According to Gawker, Craig R. Whitney, The New York Times' "standards editor," sent out a staff memo this morning in direct reaction to the Times' now-thoroughly-discredited puffball profile of Margaret Jones/Peggy Seltzer:
To the newsroom staff:
Single-source profiles of people who are not already well known quantities are traps we have fallen into twice in the past year or two, and that's too often. Until publishers start fact-checking their own nonfiction books, and that'll be the day, we should remember that profiles of unknown authors should always include reporting from other sources -- not just surrogates of the profilee like agents, publishers, lawyers, etc. -- to verifiy the most important facts. But even when there's no book involved, the same rule applies. If we can't find ways to check key facts, names, graduation claims, etc., we should hold the story until we can verify them, and if we can't, we should be suspicious. Live and learn....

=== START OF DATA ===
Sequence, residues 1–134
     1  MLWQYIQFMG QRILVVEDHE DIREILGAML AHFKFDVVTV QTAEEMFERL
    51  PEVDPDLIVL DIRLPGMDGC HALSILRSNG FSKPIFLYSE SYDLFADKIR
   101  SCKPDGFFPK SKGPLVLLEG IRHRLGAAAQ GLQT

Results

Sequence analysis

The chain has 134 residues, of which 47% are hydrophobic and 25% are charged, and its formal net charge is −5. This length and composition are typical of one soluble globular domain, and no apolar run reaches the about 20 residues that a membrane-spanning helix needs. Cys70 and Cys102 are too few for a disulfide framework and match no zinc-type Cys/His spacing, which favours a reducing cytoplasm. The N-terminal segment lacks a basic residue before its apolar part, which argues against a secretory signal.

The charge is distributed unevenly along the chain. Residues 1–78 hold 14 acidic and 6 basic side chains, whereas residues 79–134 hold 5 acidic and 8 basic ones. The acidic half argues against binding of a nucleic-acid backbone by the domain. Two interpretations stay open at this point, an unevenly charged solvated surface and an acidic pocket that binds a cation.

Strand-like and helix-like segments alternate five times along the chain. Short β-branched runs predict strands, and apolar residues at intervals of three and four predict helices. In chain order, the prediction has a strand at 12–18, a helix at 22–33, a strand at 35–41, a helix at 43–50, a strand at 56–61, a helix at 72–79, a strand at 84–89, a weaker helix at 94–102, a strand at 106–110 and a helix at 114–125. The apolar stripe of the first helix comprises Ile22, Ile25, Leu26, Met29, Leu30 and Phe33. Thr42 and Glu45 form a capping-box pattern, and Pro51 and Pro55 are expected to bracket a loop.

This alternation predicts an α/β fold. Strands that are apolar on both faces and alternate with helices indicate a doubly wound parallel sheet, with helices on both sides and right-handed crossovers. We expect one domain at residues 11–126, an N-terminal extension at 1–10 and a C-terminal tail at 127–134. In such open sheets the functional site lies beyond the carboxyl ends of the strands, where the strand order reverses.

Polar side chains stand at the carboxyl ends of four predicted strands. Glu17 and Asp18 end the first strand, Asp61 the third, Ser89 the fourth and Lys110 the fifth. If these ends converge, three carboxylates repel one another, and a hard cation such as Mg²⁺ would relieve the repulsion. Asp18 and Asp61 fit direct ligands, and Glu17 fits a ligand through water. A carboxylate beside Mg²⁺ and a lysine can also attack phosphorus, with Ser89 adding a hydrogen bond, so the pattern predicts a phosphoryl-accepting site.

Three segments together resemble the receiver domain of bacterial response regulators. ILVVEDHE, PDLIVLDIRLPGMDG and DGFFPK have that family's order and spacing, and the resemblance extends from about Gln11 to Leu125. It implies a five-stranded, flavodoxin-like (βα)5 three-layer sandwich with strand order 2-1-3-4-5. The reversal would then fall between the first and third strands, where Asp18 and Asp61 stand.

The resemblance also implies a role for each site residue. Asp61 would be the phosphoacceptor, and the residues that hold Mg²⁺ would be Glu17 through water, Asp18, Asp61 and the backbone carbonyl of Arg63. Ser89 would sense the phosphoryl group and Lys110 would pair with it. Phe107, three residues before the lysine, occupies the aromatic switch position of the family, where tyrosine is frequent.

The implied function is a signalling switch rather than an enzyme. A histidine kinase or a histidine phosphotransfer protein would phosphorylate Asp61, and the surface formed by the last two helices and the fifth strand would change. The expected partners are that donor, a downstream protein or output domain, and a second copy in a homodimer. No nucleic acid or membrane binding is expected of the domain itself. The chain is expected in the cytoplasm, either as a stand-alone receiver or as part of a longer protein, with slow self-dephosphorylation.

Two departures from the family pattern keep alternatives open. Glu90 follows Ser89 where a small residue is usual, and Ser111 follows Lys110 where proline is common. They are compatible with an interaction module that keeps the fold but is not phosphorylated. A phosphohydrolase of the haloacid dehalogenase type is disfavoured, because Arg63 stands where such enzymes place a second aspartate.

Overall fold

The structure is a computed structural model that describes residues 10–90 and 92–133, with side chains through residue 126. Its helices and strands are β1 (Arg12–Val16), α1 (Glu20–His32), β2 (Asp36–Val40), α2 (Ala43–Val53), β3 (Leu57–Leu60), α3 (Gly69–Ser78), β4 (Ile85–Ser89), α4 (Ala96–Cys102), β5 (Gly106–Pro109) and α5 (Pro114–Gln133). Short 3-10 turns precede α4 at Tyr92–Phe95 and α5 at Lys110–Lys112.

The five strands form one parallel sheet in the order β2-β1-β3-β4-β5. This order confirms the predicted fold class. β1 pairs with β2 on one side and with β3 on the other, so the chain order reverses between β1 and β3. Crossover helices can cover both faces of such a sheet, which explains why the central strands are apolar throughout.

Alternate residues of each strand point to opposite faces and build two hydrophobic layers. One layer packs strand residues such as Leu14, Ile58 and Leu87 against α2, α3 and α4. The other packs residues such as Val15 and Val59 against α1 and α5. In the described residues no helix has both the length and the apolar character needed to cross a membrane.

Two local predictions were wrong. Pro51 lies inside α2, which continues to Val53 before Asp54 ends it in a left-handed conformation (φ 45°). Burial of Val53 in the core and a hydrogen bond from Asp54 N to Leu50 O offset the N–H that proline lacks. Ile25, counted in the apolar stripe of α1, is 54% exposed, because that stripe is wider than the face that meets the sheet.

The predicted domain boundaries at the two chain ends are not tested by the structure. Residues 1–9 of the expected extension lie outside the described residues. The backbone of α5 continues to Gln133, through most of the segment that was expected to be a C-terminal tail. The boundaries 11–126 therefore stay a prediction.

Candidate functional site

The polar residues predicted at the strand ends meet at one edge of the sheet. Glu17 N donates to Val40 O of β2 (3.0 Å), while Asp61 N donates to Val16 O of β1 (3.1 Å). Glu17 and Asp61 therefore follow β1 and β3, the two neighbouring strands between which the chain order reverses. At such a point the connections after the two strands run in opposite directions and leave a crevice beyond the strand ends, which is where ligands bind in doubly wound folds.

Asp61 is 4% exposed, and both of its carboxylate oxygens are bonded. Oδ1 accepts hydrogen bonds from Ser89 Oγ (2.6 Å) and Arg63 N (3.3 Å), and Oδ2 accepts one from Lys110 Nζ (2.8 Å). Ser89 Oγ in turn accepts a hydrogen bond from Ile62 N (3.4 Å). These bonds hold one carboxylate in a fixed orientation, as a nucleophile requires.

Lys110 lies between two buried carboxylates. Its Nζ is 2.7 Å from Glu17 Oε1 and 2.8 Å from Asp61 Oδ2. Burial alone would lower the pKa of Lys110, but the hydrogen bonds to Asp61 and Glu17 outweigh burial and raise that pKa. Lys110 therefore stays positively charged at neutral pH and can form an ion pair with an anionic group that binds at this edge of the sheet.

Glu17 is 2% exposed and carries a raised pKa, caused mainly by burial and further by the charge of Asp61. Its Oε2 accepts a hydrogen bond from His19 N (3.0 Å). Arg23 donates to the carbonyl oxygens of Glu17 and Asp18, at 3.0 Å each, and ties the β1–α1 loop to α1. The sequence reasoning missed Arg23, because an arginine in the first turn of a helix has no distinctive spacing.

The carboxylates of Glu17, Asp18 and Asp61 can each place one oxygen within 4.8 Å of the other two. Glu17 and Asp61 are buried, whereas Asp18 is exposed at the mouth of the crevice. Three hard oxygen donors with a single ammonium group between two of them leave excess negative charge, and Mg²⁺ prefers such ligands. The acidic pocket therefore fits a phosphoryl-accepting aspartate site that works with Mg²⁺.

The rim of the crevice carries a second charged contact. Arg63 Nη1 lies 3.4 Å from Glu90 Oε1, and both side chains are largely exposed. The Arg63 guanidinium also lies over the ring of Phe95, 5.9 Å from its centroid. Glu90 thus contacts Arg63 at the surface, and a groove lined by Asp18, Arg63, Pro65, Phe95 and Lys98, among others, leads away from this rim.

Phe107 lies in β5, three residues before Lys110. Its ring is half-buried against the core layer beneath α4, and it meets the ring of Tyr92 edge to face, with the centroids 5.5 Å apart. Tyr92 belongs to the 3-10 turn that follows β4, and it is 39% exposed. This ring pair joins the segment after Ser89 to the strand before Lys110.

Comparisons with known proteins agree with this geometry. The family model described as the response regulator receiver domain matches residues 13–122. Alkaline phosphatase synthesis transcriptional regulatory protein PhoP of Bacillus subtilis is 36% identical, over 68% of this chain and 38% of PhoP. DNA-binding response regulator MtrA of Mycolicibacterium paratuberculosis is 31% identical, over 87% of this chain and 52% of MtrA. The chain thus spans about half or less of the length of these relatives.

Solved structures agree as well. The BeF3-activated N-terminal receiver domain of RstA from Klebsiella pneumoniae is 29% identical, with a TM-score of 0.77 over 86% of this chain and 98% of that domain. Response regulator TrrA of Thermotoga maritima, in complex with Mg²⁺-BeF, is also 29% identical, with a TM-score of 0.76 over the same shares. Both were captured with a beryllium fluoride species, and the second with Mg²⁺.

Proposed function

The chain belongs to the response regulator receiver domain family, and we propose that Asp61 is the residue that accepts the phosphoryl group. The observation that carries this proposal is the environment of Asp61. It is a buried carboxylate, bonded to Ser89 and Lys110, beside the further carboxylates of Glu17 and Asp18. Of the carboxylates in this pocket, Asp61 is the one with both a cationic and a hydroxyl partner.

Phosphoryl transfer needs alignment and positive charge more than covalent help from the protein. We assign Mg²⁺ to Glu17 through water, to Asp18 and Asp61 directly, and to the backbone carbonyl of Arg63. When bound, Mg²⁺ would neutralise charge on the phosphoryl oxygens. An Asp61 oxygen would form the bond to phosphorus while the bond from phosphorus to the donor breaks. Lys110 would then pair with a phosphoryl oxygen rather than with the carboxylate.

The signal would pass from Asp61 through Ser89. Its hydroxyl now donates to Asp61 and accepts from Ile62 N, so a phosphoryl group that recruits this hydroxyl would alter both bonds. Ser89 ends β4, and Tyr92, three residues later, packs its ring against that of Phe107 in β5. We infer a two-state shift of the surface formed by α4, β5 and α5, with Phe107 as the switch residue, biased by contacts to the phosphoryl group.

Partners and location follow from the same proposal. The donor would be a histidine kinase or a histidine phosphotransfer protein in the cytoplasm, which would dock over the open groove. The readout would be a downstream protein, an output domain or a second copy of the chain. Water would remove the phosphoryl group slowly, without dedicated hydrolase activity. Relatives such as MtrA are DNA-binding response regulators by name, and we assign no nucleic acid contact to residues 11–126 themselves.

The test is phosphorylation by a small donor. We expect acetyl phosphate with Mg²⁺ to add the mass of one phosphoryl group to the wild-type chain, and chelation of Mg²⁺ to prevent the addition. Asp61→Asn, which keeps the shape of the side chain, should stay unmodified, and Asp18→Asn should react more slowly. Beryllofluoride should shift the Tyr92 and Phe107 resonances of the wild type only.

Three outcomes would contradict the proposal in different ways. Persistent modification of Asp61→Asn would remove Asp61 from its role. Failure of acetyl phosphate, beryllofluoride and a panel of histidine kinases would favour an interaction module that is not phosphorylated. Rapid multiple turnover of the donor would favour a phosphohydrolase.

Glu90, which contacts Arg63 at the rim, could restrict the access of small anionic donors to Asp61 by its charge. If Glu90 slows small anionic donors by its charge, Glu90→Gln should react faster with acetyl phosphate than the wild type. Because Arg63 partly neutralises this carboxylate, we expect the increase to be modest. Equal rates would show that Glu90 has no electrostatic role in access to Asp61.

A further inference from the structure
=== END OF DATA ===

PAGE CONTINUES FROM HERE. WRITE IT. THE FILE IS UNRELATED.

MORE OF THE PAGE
The most powerful paper in the world gets thoroughly schnookered by a mendacious writer, and the "standards editor" responds with a Gallic-shrug memorandum? Live and learn.